7 prevalently Muslim, on the southern side of the Golden Horn and mainly Christian Galata on the northern side. Istanbul was where the poet himself (the Sultan) had his palace, while Galata or Frengistan (land of the Franks or Europeans) was were this Christian beauty lived. The Christian beauty had through her charms become sovereign of Galata in the eyes of the poet. According to Avnî, Galata, with its huri (beautiful women said to inhabit paradise) like women, was much better than the real paradise, and the women of Galata, gently swaying like cypresses while walking, were better than the cypresses of paradise. The poet compares his own domain to Galata and reaches the conclusion that Galata is better. Thus despairs that this Christian beauty, whose domain of Galata is better than his, will ever submit to him. Bir harâret var derûn- dilde zahm- tî na Gamzesi tî i eriflince benim bana geçer (19-3) Such is the longing deep in my heart for the sword (of my loved one) to wound me that when her sword like look touches me, my life comes back to my body. This couplet, which at first sight may look a bit complicated in its Turkish version, becomes much clearer when one takes into consideration the formulae and aesthetic values of classical literature and in particular interprets in a correct fashion the other poems of Avnî. Kemal Edip Ünsel, who published the Sultan s poems, thought that as it stood, the second verse of this couplet was meaningless and reached the conclusion that benim bana (mine to me) must have been a spelling mistake, with the correct version being benim yana (to my side). 6 This interpretation is not correct and the truth will easily surface, once the words are analysed carefully and the whole body of the work of the Sultan is taken into consideration. The first ben refers to the soul (nefs in Arabic), while the second to the body. Thus when the poet longs for the sword like look (wrathful, meaningful, coquettish) of his loved one to wound him, it means that he is expecting back his life and soul. Consequently the benim bana 6. See Kemal Edip Ünsel, ibid., p. 22. Illustration 4. Sultan Mehmed the Conqueror Süheyl with scholars Ünver Miniature. (Fatih in Defteri, Süheyl Ünver,. B. B. Yay nlar, Istanbul, 1996) 257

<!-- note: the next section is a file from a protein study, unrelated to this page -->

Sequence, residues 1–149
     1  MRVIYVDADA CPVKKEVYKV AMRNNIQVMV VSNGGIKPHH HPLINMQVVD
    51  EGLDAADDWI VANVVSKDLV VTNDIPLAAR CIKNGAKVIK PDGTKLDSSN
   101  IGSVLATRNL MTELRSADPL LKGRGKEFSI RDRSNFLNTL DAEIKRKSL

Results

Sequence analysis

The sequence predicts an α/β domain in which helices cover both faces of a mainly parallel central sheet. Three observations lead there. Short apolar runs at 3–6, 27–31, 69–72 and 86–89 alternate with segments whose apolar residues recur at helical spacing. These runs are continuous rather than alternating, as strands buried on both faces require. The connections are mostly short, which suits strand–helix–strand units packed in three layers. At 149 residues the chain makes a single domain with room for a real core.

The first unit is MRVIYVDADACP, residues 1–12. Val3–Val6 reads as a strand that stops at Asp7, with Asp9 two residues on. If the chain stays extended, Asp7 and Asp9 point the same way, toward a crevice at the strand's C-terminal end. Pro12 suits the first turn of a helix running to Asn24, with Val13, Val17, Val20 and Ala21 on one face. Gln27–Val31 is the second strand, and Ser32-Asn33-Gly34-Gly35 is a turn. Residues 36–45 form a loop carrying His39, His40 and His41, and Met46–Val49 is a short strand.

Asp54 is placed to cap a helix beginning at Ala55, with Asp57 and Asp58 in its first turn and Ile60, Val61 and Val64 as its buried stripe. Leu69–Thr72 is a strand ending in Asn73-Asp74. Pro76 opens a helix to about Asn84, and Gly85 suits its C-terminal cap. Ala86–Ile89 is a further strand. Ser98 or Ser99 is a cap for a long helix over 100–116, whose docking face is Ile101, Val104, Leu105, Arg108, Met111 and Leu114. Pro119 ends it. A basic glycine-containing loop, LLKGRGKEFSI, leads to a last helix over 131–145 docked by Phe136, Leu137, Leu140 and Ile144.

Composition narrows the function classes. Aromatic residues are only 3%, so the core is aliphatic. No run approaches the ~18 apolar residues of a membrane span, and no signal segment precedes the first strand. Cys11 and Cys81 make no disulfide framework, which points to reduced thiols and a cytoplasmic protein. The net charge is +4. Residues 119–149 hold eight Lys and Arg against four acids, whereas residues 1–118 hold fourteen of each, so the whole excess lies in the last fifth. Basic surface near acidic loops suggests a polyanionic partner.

8 7. See skender Pala, ibid., p is correct, but should not be interpreted as mine to me, rather as my soul to my body. The fourth and following couplet proves this. The first couplet of the tenth ghazal, which we have already seen, is also along the same lines: Ten-i bî-câna müjen hançeri kim câna geçer Hasta-i aflka ecel flerbeti dermâna geçer of symbolism representing divine love and the name of Üveys should not be seen as the name of a real person. Stating like Prof. Dr. skender Pala does that the Sultan must have written these verses for one of his servants or slaves 7 means that one has not understood the relationship between symbolism and reality in divan literature. In addition to this, the least one can say is that it is a lack of respect for Sultan Mehmed the Conqueror s personality. (Oh loved one!) A dagger made of one of your eyelashes (your irate look) provides my well nigh dead body with a new life just as the cup of death comes as succour for a lovelorn person. Water is mentioned in the context of pointed objects like swords, arrows and daggers, because steel is manufactured using water, they shine like water and water is used to douse fires like the one burning in the heart of the lover. The verses refer also to how the parched earth (the wounded body of the lover) will revive once it is watered (the dagger like look of the loved one is thrust into his body). Hüsn ile cânânlar içre cân- cânând r Üveys fierbet-i lâ liyle dil derdine dermând r Üveys (30-1) With such beauty, Üveys is the most desirable among loved ones and the nectar of his lips is a balm to all broken hearts. The name Üveys, which is an Arab male name, is frequently used in classical Turkish literature to symbolically denote the loved one and is only one of many such anonymous symbols. Within the context of platonic Sufi love, which is the basis of classical poetry, ideal beauty is reflected in the beauty of a male. Thus the fact that in many poems of the Sultan the loved one is a male, should be interpreted in the light Kâmetin yâd etmez ana kim leb-i cânân gerek Sak n r lâ-büd hevâdan her kime kim cân gerek (41-1) In the same way that he who needs his loved one s lips does not think about its stature, someone pursuing (immortal) life should not be distracted by fleeting whims. The rhetorical figure used in this couplet is the lef-ü neflr, which consists of first listing a series of symbols and then the essential elements symbolised by them. Thus the poet couples the stature of his loved one with whims and the lips of his loved one with immortal life. The lips, which we use to talk, are considered, in classical literature, a symbol of not just words, but also of the spirit and of life. This is due to some interesting connections between word and spirit. In some verses of the Holy Quran and in some hadis (sayings and acts of the Prophet Muhammad), Jesus Christ is defined as the spirit, which God blew into the Virgin Mary and the power to miraculously resuscitate dead people and cure illnesses through his breath is ascribed to Him. Thus in texts of classical divan poetry, when one referred to lips, the mouth or to talking, allusions were frequently made to Jesus Christ s life giving properties, resuscitation, miraculously wise talking and to the spirit. In this couplet, the expression leb-i cânân (lips of the loved one) symbolically refer to the spirit, finally being able to 258